In the 1800s, hospitals were often dangerous places. Many doctors didn't wear caps and gowns or wash their hands before they began to work. Doctors also hadn't discovered how to put people to sleep so a patient was usually awake during an operation. Some people died from the pain, but more often, they died from an infection, when germs got into their wounds. Back then, people believed that an infection was caused by something in the air.
“Father Of Modern Surgery" The hospital environment has not always been a place of sterility and extreme cleanliness that is associated with it so readily today. Prior to the work of Joseph Lister, the hospital was a place to go to die, not to be cured. If an individual was able to survive the pain and torture of surgery without anesthesia, a postoperative infection would most certainly be their ultimate demise. Thanks to Joseph Lister, a hospital is now a place of healing and cleanliness, not one of death and filth.
Doctor Joseph Lister spent many years trying to find out how to prevent infection. In 1869, Dr. Lister invented a pump to spray carbolic acid into the air in operating theaters. It wasn't very pleasant to work with, but the chemical killed the bugs and kept patients safer. Soon, other hospitals began to use carbolic acid and more and more people survived their operations. Joseph Lister, bug buster, had made an important discovery that saved many lives.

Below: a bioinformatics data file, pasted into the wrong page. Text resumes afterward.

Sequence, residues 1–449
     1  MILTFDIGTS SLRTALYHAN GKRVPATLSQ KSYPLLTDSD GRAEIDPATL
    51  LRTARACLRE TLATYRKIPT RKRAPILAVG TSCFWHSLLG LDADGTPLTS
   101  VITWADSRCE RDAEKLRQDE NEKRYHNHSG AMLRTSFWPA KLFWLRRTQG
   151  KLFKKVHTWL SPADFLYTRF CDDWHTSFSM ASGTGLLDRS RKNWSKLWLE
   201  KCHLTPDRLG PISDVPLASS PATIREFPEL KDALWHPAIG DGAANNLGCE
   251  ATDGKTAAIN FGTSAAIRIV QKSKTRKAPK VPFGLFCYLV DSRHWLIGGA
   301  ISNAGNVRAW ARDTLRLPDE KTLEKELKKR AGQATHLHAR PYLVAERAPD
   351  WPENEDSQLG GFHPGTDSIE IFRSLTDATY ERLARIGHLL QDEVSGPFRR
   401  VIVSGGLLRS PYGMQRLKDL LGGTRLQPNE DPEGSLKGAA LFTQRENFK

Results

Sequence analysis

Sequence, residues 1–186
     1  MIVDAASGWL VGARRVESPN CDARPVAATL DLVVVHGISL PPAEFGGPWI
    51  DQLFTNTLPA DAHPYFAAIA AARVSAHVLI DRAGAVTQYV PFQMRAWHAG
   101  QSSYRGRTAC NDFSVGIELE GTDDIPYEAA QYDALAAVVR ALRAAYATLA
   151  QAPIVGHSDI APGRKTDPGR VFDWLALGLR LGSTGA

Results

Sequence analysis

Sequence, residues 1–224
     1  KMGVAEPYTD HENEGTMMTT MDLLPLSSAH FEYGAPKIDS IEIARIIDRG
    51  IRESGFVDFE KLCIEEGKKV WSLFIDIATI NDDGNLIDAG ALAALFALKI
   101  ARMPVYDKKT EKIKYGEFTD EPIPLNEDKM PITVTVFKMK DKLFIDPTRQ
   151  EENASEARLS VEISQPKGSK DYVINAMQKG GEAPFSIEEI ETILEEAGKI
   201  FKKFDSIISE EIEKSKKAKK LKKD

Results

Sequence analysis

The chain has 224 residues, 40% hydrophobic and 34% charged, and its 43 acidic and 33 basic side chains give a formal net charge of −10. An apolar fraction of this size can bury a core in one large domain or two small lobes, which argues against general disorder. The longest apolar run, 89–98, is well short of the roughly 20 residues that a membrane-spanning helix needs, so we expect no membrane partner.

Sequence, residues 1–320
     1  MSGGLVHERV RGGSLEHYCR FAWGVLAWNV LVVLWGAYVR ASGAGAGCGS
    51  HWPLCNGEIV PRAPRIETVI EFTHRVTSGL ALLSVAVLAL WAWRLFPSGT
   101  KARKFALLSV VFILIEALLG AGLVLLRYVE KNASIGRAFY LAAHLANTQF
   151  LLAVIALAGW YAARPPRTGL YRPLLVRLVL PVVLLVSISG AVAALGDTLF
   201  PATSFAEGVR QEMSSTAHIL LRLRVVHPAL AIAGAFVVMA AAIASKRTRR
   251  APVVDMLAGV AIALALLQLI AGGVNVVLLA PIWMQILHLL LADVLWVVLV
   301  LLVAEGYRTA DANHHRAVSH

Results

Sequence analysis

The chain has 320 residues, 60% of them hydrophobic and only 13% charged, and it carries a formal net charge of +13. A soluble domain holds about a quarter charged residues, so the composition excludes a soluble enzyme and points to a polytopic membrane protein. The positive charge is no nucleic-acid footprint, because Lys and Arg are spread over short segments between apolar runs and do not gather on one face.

Carbolic Acid is produced when phenol reacts with water……………. OH O ─ + + H3O + H2O
4 - hexylresorcinol 4 – chloro – 3,5 – dimethylphenol OH OH OH CH3 3HC Cl (CH2)5CH3
Because of Joseph Lister’s contribution to science, specifically in the field of medicine…. The first company that produces health care and hygiene products was name after him to give him recognition for his works.
OH An “alcohol – like” compounds that have the hydroxyl group bound to a benzene ring.
Phenol is derived from the old name for benzene (phene), to include the suffix that indicates it possesses a hydroxyl group (ol). CAUTION: The wordphenol (C6H5-OH) is often confused with phenyl (C6H5-). Phenols are acidic and are important intermediates in the preparation of aryl ethers, C6H5-OR .
Phenol may be found as a translucent, clear, or light-pink crystalline mass; a white powder, or a clear liquid. It has a sweet, sharp odor or medicinal odor. Addition of small amount of water causes the solid to liquefy at room temperature. Phenol is used in many commercially available products including plastics, resins, fertilizers, paints, photographic developers, and some medicines.
Description: Phenol is both a manufactured chemical and a natural substance. It is a colorless-to-white solid when pure. The commercial product is a liquid. Phenol has a distinct odor that is sickeningly sweet and tarry. You can taste and smell phenol at levels lower than those that are associated with harmful effects. Phenol evaporates more slowly than water, and a moderate amount can form a solution with water. Warning properties: pungent odor is usually adequate to warn of acute exposure ingestion can be fatal. Flammability:nonflammable
OH OCH3 EUGENOL / Cloves CH2 – CH ═ CH2
OH OCH3 ISOEUGENOL/NUTMEG CH ═ CH – CH3
OCH3 ANETHOLE CH ═ CH – CH3
OH OCH3 VANILLIN H – C ═ O
CH3 OH CH – CH3 3HC THYMOL / THYME MINT
O C – O – CH3 OH METHYL SALICYLATE
CH3 OH C CH3 CH3 Butylated Hydroxy Anisole (BHA) 2 – t – butyl – 4 - methoxyphenol OCH3
CH3 CH3 OH C CH3 3HC C CH3 CH3 (BHT) 2,6 – di – t – butyl – 4 - methylphenol CH3 Butylated Hydroxy Toluene
O C – OH OH Salicylic Acid
OH OH CH2 O - phenylphenol Cl 2 – benzyl – 4 - chlorophenol
Rubber & Plastic Antioxidant